The Post-Apocalyptic Chronotope

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Internal Authors/Editors


Publication Details

List of Authors: Petter Skult
Editors: Alannah Ari Hernandez
Publication year: 2013
Publisher: Inter-disciplinary press
Book title: Apocalypse: Imagining the End
Start page: 65
End page: 73
eISBN: 978-1-84888-278-2


Abstract

How does one discuss something as nebulous a concept as the post-apocalypse?
The term itself often causes confusion—how is it possible to write of something
that has not yet happened? How can something come after the end? The apocalypse
and the apocalyptic are ubiquitous concepts, but they also span a vast breadth of
text, from literature to cinema, from the fantastic to the prosaic, from fact to
fiction. In order to fruitfully define and discuss the post-apocalypse, one must first
have a system in place that can do so. What I have done is to approach it using
M.M. Bakhtin’s idea of the chronotope, time-space. Bakhtin’s chronotope is a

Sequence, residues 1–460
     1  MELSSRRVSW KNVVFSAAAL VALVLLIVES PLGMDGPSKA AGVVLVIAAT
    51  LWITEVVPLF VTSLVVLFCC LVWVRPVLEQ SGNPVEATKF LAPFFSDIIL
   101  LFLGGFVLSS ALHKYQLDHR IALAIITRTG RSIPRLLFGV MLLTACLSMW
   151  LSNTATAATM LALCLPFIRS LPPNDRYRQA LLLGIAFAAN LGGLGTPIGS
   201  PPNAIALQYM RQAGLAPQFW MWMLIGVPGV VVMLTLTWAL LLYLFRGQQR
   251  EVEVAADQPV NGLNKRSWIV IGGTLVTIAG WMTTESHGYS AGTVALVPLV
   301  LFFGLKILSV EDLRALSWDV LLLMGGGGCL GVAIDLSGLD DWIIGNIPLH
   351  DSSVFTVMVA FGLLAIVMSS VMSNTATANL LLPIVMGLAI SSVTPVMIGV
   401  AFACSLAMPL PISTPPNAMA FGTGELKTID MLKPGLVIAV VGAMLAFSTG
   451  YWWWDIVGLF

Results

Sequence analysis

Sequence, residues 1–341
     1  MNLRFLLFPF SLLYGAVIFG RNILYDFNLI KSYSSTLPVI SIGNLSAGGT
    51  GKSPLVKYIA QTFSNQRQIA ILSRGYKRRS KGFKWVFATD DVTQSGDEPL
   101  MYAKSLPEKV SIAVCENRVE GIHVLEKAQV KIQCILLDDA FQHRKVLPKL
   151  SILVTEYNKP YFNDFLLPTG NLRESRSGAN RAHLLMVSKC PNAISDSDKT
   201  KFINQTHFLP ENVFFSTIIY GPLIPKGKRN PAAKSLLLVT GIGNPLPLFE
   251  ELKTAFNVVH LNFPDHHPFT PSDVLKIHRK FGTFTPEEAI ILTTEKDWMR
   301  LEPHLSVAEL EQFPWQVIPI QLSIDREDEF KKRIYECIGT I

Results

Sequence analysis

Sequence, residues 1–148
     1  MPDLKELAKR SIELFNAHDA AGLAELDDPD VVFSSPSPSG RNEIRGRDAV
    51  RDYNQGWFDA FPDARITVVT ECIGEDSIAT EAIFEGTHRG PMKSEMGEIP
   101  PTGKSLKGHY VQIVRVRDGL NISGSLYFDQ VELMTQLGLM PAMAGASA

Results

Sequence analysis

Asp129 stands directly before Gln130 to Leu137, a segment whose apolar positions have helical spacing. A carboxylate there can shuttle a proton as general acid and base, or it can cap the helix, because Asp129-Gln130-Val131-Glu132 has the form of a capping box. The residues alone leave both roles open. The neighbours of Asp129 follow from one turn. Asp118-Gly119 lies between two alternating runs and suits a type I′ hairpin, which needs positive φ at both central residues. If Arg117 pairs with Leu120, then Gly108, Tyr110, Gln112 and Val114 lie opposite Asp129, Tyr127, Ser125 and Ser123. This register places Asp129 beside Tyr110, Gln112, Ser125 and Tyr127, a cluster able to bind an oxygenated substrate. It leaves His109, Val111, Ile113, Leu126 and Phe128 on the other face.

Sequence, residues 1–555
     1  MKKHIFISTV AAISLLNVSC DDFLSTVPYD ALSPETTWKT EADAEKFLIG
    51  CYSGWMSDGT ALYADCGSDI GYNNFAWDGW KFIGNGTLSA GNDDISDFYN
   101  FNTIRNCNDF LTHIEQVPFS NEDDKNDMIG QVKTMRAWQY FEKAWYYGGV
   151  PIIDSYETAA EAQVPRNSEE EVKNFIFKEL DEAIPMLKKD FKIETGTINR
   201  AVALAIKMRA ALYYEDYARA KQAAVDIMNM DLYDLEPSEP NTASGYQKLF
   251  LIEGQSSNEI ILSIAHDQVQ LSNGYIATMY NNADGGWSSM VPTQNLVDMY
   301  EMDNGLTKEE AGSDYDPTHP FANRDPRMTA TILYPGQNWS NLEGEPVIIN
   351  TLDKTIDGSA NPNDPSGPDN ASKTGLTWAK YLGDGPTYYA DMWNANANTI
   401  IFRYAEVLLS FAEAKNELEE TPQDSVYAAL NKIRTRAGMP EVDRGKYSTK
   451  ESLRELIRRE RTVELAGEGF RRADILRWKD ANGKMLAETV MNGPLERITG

distinctly literary concept, borrowed—in his own words—from Einstein’s theory of
time-space. He defines a chronotope as the fusion of time and space, of spatial and
temporal indicators becoming one and feeding off one another—what affects time,
affects space and vice versa, and what affects the chronotope, affects those who
live in it, creating a unique image of personhood in any given chronotope. By
studying various prototypical representatives of post-apocalyptic writing, from
Mary Shelley’s The Last Man to McCarthy’s The Road, I have created a functional
post-apocalyptic chronotope, which can be used to define and discuss what exactly
constitutes post-apocalyptic writing, and perhaps explain why we find it so
fascinating. As a basis for the post-apocalyptic chronotope I have used two of
Bakhtin’s own chronotopes, the chronotope of encounter and the novel of travel. In
Bakhtin’s literary image of the road, time and space fuse perfectly, as spatial
movement flows into temporal movement. In the post-apocalypse, this movement
is enhanced even further, as every step taken is through a landscape that is
simultaneously familiar and unfamiliar, seen always through the spatial lens of the
pre-apocalypse.


Keywords

Chronotope, post-apocalypse

Last updated on 2020-25-02 at 05:43